The more I think about this, the more I think that it’s just the opposite. Those dreams of destructive water were occurring because I wasn’t engaged in spiritual pursuits. Without any guidance, with no anchor, the storms and seas were tossing me all over the place, wearing me and battering me down until I was physically and mentally exhausted all the time. In the dreams I may have only been watching the floods, but in my waking life I was (and still am to a great extent, I know) a rudderless boat, often at the mercy of whatever weather is thrown at me.

Granted it hasn’t been all that long since my friend Alexandra’s conversations and visit burst open my need to restart my spiritual explorations. But in that time I haven’t had a single dream of storms or floods or flood damage. I’m hoping that’s a good sign.

Other symbols have me more confused. Mountains show up a lot in my dreams, for instance. Mountains are something I love; I’ve spent nearly all my life intentionally staying close to them. But the context of their appearances is often different. Sometimes they represent a place of happiness, or safety, or peace. Sometimes they represent a challenge that I can’t overcome. Sometimes they come with feelings of regret and sadness over a loss, or the frustration that most of the time I can no longer capture the hope and optimism that felt so innate when I was younger.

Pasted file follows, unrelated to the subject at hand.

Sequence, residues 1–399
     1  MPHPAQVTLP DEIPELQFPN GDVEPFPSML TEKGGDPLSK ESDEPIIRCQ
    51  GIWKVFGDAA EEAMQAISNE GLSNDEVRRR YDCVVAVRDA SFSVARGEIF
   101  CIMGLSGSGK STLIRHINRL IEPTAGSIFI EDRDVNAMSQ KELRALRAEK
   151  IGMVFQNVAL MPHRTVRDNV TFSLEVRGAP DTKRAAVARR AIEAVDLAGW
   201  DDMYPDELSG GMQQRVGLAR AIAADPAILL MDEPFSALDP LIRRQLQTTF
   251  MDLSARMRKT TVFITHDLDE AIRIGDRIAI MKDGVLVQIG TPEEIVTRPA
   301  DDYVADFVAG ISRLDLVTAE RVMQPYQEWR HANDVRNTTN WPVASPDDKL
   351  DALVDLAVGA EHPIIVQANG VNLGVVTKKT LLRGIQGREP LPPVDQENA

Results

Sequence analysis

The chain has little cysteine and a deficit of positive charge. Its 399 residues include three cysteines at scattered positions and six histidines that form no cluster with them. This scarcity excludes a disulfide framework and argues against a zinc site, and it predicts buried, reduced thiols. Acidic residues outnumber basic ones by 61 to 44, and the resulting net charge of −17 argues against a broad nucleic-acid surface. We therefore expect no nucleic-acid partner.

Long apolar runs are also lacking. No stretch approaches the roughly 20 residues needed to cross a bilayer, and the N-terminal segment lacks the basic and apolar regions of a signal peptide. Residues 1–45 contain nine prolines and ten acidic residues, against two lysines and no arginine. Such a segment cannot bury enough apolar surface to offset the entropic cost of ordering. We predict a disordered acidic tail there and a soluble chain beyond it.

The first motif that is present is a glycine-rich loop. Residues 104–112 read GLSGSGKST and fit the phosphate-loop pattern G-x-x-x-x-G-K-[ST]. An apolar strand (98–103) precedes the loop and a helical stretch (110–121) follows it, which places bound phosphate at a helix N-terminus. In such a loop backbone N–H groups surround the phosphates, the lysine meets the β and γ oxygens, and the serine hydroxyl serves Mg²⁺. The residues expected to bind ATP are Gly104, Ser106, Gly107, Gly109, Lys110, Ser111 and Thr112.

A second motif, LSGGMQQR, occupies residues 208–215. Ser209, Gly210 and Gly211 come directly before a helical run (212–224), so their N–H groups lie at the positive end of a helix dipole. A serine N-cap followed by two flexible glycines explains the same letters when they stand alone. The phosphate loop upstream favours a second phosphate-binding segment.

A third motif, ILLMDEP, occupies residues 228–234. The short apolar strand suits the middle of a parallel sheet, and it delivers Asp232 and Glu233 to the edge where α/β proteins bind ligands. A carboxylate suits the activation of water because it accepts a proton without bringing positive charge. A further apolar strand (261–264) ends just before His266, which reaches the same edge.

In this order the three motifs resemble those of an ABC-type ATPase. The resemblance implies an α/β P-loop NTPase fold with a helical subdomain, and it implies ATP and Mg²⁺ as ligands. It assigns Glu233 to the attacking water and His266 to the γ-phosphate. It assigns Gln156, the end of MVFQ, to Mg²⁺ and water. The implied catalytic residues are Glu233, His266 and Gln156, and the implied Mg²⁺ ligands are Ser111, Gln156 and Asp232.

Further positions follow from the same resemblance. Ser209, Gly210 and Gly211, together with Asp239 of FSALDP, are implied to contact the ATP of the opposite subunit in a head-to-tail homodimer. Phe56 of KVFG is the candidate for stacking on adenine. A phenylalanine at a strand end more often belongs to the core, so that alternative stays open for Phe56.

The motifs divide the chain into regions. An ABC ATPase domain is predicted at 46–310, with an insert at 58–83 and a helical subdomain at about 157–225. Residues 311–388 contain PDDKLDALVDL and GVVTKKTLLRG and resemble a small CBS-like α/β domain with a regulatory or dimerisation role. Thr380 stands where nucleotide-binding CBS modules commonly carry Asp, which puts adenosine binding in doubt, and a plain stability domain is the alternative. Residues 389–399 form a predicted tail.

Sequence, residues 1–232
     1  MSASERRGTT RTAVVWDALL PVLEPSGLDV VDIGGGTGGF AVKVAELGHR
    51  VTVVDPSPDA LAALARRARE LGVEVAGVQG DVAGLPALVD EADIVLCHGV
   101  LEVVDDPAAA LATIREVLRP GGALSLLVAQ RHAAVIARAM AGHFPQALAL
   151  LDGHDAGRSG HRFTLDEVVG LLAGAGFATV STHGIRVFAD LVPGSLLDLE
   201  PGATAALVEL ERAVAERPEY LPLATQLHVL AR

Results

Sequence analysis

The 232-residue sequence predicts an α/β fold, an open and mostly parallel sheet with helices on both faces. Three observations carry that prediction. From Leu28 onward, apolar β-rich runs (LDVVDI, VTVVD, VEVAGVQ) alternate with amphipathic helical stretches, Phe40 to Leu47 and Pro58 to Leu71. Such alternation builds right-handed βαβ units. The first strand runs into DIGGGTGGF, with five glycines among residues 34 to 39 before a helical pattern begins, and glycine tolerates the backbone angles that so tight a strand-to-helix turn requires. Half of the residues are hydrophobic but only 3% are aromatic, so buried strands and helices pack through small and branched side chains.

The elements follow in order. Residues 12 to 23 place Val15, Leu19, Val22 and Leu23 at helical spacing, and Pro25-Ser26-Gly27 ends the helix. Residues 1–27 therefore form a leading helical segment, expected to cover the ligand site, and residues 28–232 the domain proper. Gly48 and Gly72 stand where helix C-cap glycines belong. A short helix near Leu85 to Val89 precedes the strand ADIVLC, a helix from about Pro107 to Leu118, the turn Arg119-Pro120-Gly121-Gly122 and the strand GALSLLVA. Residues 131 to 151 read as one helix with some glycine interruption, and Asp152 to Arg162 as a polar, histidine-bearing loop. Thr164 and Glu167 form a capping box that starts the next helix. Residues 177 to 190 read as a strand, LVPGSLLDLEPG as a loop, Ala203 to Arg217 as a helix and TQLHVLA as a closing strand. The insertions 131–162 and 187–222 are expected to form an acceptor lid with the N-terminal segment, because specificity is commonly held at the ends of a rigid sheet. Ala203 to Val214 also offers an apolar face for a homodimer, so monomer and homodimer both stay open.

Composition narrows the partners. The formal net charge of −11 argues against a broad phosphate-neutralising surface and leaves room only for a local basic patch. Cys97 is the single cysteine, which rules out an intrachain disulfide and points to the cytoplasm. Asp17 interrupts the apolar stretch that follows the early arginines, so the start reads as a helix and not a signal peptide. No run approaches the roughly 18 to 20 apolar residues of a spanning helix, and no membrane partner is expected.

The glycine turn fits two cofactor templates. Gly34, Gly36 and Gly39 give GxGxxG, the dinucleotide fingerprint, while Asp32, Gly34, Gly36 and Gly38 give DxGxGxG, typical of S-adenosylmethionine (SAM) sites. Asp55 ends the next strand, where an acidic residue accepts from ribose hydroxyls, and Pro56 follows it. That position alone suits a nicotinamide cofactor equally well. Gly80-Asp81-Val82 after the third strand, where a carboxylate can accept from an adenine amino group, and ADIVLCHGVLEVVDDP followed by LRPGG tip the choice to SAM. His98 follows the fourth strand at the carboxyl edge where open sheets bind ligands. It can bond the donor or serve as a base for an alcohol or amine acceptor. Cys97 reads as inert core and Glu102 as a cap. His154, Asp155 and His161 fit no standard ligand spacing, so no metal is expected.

It could just be that I’m being too limiting in my symbolism. I never use symbolism or metaphors or analogies in just one way each when I put them in books – so why should my brain be any different?

As I’m writing this my brain is flashing images of Tarot cards at me. The first time I ever encountered them, via my friend Tanya, one of the first things she told me was that the interpretation of the card depended on its position and whether or not it was right-side up or upside-down. That any card, even Death, could be positive or negative depending on where it fell.

I suspect the dream symbolism is exactly the same way. A storm could bring chaos, or it could be a much needed recharge of energy – just like how it often is in Nature. A tornado could be destructive or it could be the power to clear away barriers. A flood could be likewise destructive, or you could harness its power to ride your way out of trouble or some other bad situation.

Now that I’m paying more attention to dreams I’m remembering more, which among a lot of other things means I’m getting a much bigger symbolism sampler to work with. And hey, who knows – maybe if I ever end up succeeding at lucid dreaming, I could just ask the dream or the symbols themselves what they mean!